Charping used other calculations in her presentation and comments to the Board, but the change figures shown in the chart above are the simplest and most straightforward.
The county collects two other sales taxes, a Local Option Sales Tax and a Special Purpose Local Option Sales Tax.
All three are showing the same pattern as shown in the chart above.
At the beginning of the meeting on Feb. 10, the Board of Education recognized staff, students and faculty.
The Board recognized the February Pursuit of Excellence Award Winner/School Nutrition, Terri Whitehead.
The Board also recognized Special Olympics winners in basketball: Henry Aquino, Jack Leach, and Quay Wright at Oconee Middle School; Dominic Aquino, Alex Arroyo, Robert Deal, Jared Eavenson and Joseph Zahrn at Oconee County High School; and Cole Buczynsky, Aaron Hilpp, and Luke Joseph Naeher at North Oconee High School.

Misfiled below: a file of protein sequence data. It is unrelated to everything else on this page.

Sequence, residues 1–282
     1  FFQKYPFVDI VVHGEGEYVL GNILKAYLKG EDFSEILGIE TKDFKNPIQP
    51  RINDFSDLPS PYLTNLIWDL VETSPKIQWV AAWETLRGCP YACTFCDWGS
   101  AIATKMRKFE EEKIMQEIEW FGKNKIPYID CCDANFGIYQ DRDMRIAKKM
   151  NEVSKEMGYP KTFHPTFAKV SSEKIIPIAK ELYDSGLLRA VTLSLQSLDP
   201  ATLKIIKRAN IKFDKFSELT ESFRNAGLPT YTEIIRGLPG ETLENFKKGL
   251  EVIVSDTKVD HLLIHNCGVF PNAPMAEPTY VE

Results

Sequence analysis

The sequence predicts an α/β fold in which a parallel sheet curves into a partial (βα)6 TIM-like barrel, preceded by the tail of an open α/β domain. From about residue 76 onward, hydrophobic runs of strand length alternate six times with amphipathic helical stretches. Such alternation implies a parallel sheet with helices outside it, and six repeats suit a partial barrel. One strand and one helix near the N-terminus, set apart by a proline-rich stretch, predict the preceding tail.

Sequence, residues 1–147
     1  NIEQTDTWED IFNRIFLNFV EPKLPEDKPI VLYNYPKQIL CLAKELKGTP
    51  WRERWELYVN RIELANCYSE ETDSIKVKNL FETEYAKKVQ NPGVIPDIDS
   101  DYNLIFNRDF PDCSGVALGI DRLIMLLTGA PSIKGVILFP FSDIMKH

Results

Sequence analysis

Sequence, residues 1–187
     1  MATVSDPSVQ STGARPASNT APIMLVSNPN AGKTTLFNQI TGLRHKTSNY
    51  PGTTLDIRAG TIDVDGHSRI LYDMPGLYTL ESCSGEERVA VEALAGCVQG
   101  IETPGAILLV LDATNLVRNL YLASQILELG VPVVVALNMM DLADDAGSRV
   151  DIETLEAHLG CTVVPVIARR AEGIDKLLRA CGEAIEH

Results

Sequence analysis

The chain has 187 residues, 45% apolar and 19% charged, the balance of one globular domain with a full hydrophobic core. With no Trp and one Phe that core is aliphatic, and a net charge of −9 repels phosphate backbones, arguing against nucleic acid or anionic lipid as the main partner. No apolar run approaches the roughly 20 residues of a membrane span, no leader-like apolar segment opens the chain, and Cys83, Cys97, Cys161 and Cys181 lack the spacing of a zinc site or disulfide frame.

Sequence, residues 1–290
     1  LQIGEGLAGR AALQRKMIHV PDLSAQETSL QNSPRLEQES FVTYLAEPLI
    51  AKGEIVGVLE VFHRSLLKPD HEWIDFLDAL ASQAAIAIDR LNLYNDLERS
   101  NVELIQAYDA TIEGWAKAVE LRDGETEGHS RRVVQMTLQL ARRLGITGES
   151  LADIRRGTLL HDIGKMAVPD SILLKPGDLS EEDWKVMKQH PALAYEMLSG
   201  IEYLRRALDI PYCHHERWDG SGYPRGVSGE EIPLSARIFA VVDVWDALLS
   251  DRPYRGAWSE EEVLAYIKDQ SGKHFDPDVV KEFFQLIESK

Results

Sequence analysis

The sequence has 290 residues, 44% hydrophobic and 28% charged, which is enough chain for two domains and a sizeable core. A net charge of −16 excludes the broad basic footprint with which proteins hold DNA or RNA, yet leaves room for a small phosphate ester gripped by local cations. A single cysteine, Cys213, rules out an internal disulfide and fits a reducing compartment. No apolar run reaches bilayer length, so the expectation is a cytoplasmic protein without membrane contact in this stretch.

Special Olympics bowling awardees who were recognized were: Ellie Bancroft, Grace Callaway, Nathaniel Del Sesto, Drew Hammond, Liam Mauck, Madison Moser, Spencer Nation, Lauren Peterson and Savannah Wimpey.
The Board also recognized Keith Carter, Oconee County Middle School principal, as the Georgia Association of Secondary School Principals Principal of the Year, and Claire Buck, Oconee County Schools chief academic officer, as recipient Georgia Association of Education Leadership Gacis Service Award.
The video below is of the Feb. 10 meeting of the Oconee County Board of Education.
Recognitions begin at 1:45 in the video.
Chief Financial Officer Charping began her presentation to the Board at 27:57 in the video.
Thanks for all of the extra reporting you do, Mr. Becker!